The emergence of another possible billion dollar business, based on bottling and selling a natural commodity.
A Tale of Chocolate Addiction and its Tiny Peddlers
Posted by Failed Success on 04/20/06 at 11:48 AM
A brief look at the history and technology behind the nifty narcotic that is the Girl Scout Thin Mint
Every year, an army of girls clad in green sweep the nation bringing hope and fulfillment to the millions of cocoa junkies in search of their next fix.
For many girls, selling Girl Scout cookies is a right of passage; a tradition that has existed for decades. For the millions of consumers, it’s also a right of passage; devouring the sweet treats with wanton disregard for any possible risks to their figure.
The Girl Scout Cookie is a brand name in and of itself, and has taken on a life of its own in American culture. The “Girl Scout” brand of cookie is among the top selling cookie brands in America. From Thin Mints, to Caramel De-Lites(Samoas) and Peanut Butter Patties(Do-Si-Dos); consumers have the opportunity to pick their poison. However, out of all of the Girl Scout Cookie offerings, the bestseller and national favorite is the Thin Mint.
How it all Began
The Girl Scouts first began baking cookies for fundraising purposes in 1917 five years after Juliette Gordon Low started Girl Scouting in the United States. They realized that the sale of these sweet treats were a perfect way for the local troops to raise money.
In July 1922, The American Girl magazine, published by Girl Scout national headquarters, featured an article by Florence E. Neil, a local director in Chicago, Illinois. Miss Neil provided a cookie recipe that was given to the council’s 2,000 Girl Scouts. She estimated the approximate cost of ingredients for six- to seven-dozen cookies to be 26 to 36 cents. The cookies, she suggested, could be sold by troops for 25 or 30 cents per dozen.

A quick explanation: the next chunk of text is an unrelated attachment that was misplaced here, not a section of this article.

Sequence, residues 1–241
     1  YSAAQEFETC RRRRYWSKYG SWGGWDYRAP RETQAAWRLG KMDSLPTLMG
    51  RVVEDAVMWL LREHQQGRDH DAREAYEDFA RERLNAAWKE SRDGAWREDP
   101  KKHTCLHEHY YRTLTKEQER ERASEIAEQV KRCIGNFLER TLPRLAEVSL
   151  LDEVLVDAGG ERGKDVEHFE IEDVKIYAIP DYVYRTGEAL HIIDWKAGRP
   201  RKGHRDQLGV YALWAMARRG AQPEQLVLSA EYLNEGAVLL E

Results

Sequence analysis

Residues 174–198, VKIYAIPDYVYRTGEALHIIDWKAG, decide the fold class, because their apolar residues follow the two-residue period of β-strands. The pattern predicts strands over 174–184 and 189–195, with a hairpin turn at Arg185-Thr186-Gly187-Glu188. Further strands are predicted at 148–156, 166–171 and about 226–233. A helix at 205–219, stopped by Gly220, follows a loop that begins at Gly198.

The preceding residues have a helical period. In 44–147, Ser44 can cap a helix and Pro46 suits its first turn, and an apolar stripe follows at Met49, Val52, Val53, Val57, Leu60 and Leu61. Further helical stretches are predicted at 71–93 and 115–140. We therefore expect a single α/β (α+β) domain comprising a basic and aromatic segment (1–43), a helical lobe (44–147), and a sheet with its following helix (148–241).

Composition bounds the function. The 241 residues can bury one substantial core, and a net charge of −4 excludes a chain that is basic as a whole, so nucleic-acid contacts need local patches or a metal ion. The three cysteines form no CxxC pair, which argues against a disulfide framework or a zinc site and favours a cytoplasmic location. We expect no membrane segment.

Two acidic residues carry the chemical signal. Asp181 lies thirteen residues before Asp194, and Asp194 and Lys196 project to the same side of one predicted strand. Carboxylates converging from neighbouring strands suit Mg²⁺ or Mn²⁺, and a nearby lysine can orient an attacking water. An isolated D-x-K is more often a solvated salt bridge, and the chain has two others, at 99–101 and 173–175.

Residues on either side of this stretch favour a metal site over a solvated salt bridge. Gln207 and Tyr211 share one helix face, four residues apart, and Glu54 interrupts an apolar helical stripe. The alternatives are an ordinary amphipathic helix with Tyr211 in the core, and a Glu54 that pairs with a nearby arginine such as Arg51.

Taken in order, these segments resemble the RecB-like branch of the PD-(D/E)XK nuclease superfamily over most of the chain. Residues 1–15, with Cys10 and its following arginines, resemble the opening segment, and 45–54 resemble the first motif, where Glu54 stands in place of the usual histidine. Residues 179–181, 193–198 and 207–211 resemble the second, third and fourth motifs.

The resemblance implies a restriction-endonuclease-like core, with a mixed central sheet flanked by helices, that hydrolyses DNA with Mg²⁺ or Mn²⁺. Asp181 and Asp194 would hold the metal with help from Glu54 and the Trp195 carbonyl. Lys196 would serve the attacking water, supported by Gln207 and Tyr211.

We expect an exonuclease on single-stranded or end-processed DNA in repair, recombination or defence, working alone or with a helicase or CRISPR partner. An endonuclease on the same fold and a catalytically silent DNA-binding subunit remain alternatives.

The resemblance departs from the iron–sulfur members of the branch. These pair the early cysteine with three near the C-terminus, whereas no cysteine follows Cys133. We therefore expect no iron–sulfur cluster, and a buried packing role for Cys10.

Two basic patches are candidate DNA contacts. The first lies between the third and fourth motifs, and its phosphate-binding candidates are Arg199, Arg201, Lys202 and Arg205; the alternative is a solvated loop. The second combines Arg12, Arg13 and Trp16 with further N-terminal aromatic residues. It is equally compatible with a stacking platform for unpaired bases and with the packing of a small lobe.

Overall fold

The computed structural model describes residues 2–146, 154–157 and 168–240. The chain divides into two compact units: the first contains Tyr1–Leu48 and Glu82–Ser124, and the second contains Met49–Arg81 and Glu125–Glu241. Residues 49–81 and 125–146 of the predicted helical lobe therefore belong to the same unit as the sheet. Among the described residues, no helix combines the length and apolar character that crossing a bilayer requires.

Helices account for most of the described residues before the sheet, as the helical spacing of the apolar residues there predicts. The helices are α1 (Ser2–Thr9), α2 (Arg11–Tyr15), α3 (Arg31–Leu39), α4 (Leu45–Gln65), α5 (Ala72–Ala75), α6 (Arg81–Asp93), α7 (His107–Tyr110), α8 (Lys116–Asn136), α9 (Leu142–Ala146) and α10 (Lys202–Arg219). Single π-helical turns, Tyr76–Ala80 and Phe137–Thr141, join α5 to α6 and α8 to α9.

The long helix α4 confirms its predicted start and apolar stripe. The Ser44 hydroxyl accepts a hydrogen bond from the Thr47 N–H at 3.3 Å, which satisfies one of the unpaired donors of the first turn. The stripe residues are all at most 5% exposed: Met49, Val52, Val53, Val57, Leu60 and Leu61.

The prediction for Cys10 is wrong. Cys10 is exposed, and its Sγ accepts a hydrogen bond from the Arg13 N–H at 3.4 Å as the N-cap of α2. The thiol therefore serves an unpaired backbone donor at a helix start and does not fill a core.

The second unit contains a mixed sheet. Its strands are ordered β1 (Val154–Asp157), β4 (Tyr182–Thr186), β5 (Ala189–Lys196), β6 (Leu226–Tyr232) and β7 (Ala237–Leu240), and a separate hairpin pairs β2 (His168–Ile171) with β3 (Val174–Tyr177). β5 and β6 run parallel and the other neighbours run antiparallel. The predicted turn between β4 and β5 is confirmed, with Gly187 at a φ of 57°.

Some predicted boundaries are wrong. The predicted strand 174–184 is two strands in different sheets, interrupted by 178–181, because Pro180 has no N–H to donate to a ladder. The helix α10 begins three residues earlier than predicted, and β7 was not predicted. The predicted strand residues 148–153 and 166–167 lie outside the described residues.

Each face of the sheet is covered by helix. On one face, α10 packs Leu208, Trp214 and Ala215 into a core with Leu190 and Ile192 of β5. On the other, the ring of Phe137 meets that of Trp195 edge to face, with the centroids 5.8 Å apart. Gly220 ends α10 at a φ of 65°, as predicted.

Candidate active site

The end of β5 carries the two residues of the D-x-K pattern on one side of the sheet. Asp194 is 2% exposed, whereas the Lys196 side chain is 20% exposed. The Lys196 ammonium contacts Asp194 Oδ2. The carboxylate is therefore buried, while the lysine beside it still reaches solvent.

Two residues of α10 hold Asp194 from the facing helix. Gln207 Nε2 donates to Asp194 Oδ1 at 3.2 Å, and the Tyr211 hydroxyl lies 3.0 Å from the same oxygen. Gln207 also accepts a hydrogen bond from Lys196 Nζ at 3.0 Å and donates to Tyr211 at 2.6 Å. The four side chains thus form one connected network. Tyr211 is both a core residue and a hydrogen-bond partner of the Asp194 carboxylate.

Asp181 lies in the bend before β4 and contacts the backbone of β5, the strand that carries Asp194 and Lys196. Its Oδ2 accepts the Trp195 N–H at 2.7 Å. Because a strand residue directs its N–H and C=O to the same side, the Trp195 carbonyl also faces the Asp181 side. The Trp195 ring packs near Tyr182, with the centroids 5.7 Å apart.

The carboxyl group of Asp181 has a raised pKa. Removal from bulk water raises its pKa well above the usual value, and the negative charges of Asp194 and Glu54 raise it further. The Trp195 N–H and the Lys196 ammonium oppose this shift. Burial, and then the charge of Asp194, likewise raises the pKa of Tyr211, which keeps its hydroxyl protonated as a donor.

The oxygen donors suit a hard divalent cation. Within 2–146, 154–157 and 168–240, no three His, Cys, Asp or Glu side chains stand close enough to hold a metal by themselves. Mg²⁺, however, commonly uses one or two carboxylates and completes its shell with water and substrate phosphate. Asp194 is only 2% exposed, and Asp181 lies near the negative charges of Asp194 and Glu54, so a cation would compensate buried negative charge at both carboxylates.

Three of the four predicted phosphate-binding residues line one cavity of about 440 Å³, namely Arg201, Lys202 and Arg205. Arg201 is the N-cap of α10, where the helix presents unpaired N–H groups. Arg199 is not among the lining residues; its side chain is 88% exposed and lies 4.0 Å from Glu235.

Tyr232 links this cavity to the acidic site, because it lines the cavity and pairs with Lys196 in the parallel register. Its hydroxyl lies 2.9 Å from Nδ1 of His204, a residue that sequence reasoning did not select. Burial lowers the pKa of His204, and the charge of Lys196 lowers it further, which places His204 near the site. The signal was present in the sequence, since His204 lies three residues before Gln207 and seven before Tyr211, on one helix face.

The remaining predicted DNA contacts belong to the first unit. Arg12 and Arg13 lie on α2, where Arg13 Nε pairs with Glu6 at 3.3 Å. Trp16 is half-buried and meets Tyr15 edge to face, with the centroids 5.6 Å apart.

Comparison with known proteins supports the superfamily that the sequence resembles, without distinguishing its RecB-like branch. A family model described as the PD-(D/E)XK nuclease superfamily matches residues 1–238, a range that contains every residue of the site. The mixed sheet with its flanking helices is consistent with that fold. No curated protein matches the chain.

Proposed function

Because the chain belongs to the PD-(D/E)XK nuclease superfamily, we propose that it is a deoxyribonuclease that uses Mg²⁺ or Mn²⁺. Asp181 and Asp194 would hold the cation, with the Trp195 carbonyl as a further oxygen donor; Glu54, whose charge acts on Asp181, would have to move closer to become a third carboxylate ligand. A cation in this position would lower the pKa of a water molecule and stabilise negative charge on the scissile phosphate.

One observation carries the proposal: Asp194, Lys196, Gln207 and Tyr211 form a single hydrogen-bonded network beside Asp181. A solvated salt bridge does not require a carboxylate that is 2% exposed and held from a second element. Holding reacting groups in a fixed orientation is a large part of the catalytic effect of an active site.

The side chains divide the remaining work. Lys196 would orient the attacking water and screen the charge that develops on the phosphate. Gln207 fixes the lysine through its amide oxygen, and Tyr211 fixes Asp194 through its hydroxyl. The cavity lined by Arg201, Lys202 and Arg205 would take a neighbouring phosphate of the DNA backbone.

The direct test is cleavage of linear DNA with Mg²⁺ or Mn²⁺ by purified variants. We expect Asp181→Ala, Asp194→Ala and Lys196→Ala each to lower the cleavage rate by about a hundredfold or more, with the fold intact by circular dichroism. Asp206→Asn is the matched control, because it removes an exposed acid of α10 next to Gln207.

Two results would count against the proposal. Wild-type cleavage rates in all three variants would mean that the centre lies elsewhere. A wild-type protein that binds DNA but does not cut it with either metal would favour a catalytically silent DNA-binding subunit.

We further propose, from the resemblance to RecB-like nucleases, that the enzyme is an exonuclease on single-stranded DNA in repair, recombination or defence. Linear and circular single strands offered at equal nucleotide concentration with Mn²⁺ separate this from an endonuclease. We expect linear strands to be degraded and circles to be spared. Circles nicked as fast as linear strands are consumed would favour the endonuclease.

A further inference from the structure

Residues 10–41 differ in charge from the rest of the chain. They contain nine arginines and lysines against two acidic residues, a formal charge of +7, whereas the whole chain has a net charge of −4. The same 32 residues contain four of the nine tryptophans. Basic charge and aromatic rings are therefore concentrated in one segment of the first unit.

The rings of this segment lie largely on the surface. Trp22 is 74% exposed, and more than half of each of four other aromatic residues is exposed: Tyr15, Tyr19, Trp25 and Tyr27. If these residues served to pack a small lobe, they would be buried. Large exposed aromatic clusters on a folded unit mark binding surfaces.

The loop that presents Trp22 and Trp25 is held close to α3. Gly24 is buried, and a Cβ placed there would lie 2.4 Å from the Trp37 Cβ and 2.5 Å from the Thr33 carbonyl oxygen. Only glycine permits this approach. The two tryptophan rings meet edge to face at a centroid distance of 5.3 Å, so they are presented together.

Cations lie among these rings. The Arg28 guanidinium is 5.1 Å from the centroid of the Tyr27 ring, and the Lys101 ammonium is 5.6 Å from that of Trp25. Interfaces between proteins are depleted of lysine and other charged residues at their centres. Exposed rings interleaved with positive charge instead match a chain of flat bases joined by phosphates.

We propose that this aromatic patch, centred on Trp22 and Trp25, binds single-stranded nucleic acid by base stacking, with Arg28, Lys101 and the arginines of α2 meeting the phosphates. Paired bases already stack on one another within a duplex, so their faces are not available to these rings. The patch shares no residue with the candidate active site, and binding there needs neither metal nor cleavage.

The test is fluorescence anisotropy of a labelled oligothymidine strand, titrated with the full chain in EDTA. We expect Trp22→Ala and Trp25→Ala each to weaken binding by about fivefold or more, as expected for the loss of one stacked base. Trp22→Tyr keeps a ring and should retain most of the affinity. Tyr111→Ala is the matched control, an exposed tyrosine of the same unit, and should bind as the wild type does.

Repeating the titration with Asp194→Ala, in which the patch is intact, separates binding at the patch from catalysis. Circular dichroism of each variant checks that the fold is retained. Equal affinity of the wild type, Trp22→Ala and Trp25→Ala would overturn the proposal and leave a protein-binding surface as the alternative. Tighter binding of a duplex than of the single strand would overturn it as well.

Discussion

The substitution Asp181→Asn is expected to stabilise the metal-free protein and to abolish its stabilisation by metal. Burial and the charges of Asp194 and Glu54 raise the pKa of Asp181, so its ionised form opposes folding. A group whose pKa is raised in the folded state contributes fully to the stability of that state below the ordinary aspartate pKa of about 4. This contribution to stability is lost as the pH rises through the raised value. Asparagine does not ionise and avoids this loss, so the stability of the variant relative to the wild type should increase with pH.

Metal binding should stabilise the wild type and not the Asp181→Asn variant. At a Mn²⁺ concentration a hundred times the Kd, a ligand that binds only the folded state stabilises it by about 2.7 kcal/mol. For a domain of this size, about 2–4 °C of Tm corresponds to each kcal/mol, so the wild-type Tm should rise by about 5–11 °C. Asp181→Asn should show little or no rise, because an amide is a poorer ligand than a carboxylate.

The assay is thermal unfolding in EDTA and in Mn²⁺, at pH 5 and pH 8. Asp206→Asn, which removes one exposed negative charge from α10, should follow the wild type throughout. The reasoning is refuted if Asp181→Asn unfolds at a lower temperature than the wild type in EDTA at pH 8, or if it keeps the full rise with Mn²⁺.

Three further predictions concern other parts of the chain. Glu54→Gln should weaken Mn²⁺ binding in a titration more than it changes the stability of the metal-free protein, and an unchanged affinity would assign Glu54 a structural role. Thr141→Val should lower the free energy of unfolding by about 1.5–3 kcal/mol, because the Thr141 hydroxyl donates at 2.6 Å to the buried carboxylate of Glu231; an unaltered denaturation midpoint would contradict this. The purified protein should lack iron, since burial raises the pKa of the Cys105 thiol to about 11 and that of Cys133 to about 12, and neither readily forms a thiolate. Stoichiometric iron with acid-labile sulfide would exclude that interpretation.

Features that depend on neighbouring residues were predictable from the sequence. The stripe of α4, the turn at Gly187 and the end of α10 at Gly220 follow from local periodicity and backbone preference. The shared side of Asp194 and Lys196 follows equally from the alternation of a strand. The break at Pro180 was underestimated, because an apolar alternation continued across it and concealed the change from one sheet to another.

In the 1920s and 1930s, Girl Scouts in different parts of the country continued to bake their own simple sugar cookies with their mothers. These cookies were packaged in wax paper bags, sealed with a sticker, and sold door to door for 25 to 35 cents per dozen.
The Girl Scouts continued baking and selling cookies themselves throughout the 20’s and early 30’s until they chose to license commercial bakers to handle the baking for them in 1936. ABC Bakers, a division of Interbake Foods, Inc., became the “Official Girl Scout Cookie Baker” in 1939, and continues today as one of the two licensed bakers of Girl Scout Cookies (the other being Little Brownie Bakers). Each troop has the ability to decide from which bakery they want to receive their supply of cookies.
The Rise of a Confectionary Giant
In 1951, the Girl Scouts added the Chocolate Mint (Now known as the Thin Mint) to the cookie lineup, along with the Sandwich and Shortbread varieties. The “Thin Mint” consists of a crispy cookie wafer covered in dark chocolate with a blast of pure peppermint oil. Baked together in just the right proportions, it becomes the object of many cookie addicts’ obsession. It wasn’t long before the Thin Mint became the hands down favorite amongst Girl Scout Cookie buyers, and rose quickly to the top of the best seller list.
Today, all current and potential licensed bakers of Girl Scout Cookies are required to produce the Thin Mint as part of the licensing agreement. Of the 225 million Girl Scout Cookies sold each year, Thin Mints account for over 25% of those. Due to the sheer volume at which these magnificent morsels are consumed, Bakers of the Thin Mint really have to put the factories into full gear.
Here’s a glimpse into a day in the life of Elfriede Cortizo, ABC Bakers Girl Scout’s Thin Mint Production Supervisor (from the ABC Bakers Official Site):